Patients who have survived Hodgkin lymphoma were at more than double the risk for diagnosis with a second cancer, according to the results of a recent study.
Patients who have survived Hodgkin lymphoma were at more than double the risk for diagnosis with a second cancer, according to the results of a recent study. This risk was increased among patients with a family history of certain cancer types, and remained high as long as 30 years after undergoing treatment for the disease.
“Our findings further substantiate the significant cancer risks associated with survivorship from Hodgkin lymphoma and that these are modified by a family history of cancer,” Amit Sud, MBChB, MRes, of the Institute of Cancer Research, United Kingdom, and colleagues wrote in a study published in the Journal of Clinical Oncology. “In addition, our findings are of importance in a primary healthcare setting where many surviving patients with Hodgkin lymphoma are treated (for other symptoms and diseases) after the first 5 years of follow-up.”
Sud and colleagues used data from the Swedish Family-Cancer Project Database. They identified 9,522 individuals diagnosed with Hodgkin lymphoma between 1965 and 2012. They compared the standardized incidence ratios and cumulative incidence of a second cancer in survivors and the standardized incidence ratios of lung, breast, colorectal, and all second cancers in survivors with and without a family history of cancer.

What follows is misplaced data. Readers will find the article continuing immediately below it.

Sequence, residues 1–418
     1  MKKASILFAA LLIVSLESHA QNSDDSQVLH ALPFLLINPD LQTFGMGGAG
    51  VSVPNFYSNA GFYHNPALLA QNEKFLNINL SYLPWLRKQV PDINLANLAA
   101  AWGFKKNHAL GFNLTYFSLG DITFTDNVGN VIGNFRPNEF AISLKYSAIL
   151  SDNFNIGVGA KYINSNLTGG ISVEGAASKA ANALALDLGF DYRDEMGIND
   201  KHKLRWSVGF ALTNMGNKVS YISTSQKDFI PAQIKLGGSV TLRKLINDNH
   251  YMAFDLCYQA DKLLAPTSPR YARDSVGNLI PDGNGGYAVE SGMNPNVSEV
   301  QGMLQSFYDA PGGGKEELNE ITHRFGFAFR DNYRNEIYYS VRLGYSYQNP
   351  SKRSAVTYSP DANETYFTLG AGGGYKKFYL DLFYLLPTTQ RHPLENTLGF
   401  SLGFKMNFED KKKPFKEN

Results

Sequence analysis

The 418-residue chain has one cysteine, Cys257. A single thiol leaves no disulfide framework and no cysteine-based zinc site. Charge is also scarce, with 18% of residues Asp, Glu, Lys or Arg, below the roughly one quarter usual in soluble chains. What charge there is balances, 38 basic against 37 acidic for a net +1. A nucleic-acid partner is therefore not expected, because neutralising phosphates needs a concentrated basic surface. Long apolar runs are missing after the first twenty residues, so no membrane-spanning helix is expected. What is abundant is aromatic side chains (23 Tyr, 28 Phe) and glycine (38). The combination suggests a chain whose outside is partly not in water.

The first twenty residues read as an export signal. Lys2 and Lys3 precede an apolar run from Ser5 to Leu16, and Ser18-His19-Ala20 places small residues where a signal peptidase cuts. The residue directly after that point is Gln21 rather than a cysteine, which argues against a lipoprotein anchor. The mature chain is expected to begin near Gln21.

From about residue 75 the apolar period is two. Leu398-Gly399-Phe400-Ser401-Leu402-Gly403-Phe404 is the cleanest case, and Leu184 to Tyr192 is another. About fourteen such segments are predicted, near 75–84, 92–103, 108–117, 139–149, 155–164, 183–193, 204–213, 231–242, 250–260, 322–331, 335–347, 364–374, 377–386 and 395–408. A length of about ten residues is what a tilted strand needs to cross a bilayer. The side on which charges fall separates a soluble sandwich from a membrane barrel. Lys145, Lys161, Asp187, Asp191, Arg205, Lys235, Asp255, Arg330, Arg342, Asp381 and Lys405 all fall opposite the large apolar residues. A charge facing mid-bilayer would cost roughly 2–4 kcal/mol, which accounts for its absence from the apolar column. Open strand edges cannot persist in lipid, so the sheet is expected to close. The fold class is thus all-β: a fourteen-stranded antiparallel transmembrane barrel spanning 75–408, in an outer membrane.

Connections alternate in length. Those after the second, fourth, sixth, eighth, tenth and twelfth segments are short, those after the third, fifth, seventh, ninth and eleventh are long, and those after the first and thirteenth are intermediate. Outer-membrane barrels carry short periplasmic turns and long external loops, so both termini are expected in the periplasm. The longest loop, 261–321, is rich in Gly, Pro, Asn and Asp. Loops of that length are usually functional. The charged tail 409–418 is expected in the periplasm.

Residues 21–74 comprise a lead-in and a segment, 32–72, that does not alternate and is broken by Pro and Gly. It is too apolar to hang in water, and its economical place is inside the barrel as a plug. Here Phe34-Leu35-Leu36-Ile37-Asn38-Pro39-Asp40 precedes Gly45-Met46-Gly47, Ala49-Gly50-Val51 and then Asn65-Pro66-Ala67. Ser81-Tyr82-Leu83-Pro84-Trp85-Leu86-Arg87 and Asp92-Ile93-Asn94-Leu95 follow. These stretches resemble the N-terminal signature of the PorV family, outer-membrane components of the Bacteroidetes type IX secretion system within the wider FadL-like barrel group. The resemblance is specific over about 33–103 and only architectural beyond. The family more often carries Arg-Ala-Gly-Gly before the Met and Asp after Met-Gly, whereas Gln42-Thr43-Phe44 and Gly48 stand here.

Among this group of survivors, the risk for a second cancer was increased 2.39-fold (95% CI, 2.29–2.53).
“In this study, Hodgkin lymphoma survivors with a family history of colorectal, lung, or breast cancer showed an increased risk of concordant second cancers when compared with Hodgkin lymphoma survivors without a family history,” the researchers wrote.
About 30% of Hodgkin lymphoma survivors in the study had one or more first-degree relatives with cancer. Those survivors with a family history of cancer were 2.8 times more likely to get a second cancer compared with a 2.2-fold increased risk in patients with no first-degree relatives with cancer.
Specifically, the study showed the risk for all second cancers was 1.3-fold high for survivors with a first-degree relative with cancer (P < .001). There was a 3.3-fold increased risk for lung cancer, 2.1-fold increased risk for colorectal cancer, and a 1.8-fold increased risk for breast cancer.
Finally, the researchers found that increased risk for a second cancer was associated with age at diagnosis for women. Among women diagnosed with Hodgkin lymphoma at an age younger than 35, the 30-year cumulative incidence of breast cancer was 13.8%. In comparison, women over 35 when diagnosed had a risk of only 3%.
“After patients are cured, they no longer encounter oncologists, so it’s important that other healthcare providers are aware of the increased risk to Hodgkin lymphoma survivors to improve early diagnosis of second cancers,” Sud said in a press release.